The Oberlin Review

Wildfires Highlight Inequity in Environmental, Climate Crises

Nathan Carpenter and Jackie Brant

November 16, 2018

Filed under Columns, OPINIONS

In recent weeks, footage of the fires currently raging through the state of California has appeared in the news and on social media. We have seen houses destroyed, communities devastated, and families left without clear options. As of Nov. 11, more than 1.5 million acres had burned — the most ever recorded in a single fire season — which has caused nearly $3 billion in damages and control operations and has killed more than 50 people and left more than 130 people missing. Even as firefighters across the state are working overtime to get the blazes under control, communities and neighborhoods continue to be overwhelmed. The threat has caused some wealthy homeowners to take matters into their own hands by hiring...

Students Should Attend Eliza Griswold’s Fossil Fuel Presentation

John Elder, OC ’53, Member of the First Church Green Team

September 21, 2018

Filed under Letters to the Editors, OPINIONS

Combining a poet’s artistry, a translator’s empathy, and an investigative journalist’s persistence, Eliza Griswold makes the deeply divisive issue of fossil fuel extraction grippingly real. We are very fortunate that the recipient of many prestigious awards is including Oberlin on her tour to talk about her rave-reviewed new book Amity and Prosperity: One Family and the Fracturing of America. National Book Award winner George Packer calls it “a morally complex and beautifully written story … about what binds and tears apart a community and a country.” The Green Team of The First Church in Oberlin United Church of Christ invites you to attend her presentation this Sunday at 4 p.m. in the First Church Meeti...

Oberlin Students’ Volunteering Crucial for Environmental Success

Kate Pilacky, Associate Field Director, Western Reserve Land Conservancy Oberlin Field Office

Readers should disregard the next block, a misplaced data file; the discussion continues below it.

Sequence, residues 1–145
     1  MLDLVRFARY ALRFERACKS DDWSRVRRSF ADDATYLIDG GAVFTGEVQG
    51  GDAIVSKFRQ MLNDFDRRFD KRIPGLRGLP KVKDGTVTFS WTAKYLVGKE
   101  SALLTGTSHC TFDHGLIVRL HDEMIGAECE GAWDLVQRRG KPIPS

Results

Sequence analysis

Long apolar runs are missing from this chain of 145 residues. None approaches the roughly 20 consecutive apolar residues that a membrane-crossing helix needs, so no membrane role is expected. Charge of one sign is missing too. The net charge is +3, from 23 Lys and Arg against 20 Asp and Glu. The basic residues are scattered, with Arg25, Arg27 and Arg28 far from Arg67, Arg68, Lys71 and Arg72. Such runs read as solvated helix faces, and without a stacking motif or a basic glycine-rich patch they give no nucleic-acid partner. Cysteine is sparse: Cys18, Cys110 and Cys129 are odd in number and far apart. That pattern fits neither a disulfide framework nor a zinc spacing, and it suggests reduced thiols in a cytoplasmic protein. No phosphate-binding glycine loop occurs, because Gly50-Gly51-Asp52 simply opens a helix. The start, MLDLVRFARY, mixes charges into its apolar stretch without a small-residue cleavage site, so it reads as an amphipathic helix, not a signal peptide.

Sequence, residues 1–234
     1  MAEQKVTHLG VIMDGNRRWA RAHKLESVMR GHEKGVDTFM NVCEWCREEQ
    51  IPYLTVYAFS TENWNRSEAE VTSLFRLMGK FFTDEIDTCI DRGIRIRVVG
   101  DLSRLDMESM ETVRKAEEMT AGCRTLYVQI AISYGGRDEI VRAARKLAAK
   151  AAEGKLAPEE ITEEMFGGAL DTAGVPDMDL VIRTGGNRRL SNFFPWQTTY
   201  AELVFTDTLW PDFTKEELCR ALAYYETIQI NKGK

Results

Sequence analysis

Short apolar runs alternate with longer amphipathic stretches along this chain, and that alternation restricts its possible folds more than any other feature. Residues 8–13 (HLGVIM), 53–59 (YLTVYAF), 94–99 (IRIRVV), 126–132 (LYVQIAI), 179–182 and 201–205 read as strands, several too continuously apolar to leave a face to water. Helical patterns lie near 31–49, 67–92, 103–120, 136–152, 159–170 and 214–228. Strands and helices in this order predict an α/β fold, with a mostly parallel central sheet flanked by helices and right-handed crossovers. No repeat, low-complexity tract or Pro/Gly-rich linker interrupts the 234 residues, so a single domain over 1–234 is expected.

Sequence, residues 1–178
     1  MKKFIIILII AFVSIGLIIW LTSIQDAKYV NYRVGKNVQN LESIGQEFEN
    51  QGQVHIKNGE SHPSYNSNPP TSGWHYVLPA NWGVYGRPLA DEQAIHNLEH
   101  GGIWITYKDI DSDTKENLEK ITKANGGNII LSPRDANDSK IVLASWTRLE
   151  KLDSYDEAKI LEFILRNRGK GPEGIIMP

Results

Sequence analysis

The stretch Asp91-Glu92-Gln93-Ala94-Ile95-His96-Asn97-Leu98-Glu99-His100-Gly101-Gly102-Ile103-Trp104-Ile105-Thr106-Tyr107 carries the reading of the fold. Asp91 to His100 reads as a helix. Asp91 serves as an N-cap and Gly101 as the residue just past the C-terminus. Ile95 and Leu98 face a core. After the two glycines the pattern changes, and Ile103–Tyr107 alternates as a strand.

September 14, 2018

Filed under Letters to the Editors, OPINIONS

I want to express my sincere thanks to the Bonner Center for Service and Learning, Oberlin College Grounds, and the first-year students and their supervisors for the hard work they put forth for the Day of Service on Sept. 1. Western Reserve Land Conservancy, with assistance from Oberlin College, has been working on the Kahn Woods and, more recently, the Keep Cottage Meadow for several years, restoring and enhancing wildlife habitat and creating an area for students to observe and enjoy nature on campus grounds. On Sept. 1, students and community members planted over 70 native flowering plants to provide habitat for pollinators and add beauty. If you are looking for a nice place to enjoy nature on campus, I encourage y...

In The Locker Room with Dana Rae Goldstein, Softball Player, Environmentalist

In The Locker Room with Dana Rae Goldstein, Softball Player, Environmentalist

March 30, 2018

College senior Dana Rae Goldstein is a key player on the softball team. As a junior, she started all 40 games in the outfield and hit a team second-best of .368. She led the team with 49 hits and collected 27 runs and 23 RBI. However, she does plenty outside of the athletic community at Oberlin. As an Environmental Studies and Psychology double major, Goldstein has served as a mentor for the Office of Disability Resources and engages in several projects to help her fellow students use resources mor...

“Voice of the Lake” Highlights Musicianship, Environmental Advocacy

Kate Fishman, Staff Writer

November 17, 2017

Filed under ARTS, Music

Voice of the Lake, an oratorio for Lake Erie composed by former Director of the Composition Department at the Cleveland Institute of Music Margaret Brouwer, OC ’62, exists at the intersection of environmentalism, musicality, technology, and community. The piece, written in collaboration with poet and Cleveland native David Adams, highlights both the beauty and the problematic nature of living in concert with Lake Erie. “Voice of the Lake … brings to life the struggle between the recreational and natural joys of Lake Erie and the commercial, agricultural, and political issues that threaten its ecological health,” Brouwer writes on her website. For the premiere performance, which took place Sunday afternoon at ...

Temperature Rise Over 50 Years More Dangerous Than It Sounds, Increase in Coral Bleaching Triggered by Heat

Sophia Ottoni-Wilhelm, Contributing Writer

March 13, 2015

Filed under Commentary, OPINIONS

Climate data for 2014 reveal it was the warmest year in recorded history, with 1998 coming in at a close second. While it may not seem particularly consequential in the midst of a never-ending Oberlin winter, changes in global temperature are incredibly impactful to our planet. Geologists predict a 2 degrees Celsius increase in the Earth’s climate over the next 50 to 100 years, while environmentalists contend that this jump may occur in as few as 10. Regardless, the change puts our planet at risk. Entire ecosystems, in particular coral reefs, face the possibility of extinction should the ocean become even slightly warmer. Reefs house anywhere from hundreds to thousands of diverse species, providing them with all...

Keystone XL Debate Prioritizes Politics over Economic, Environmental Realities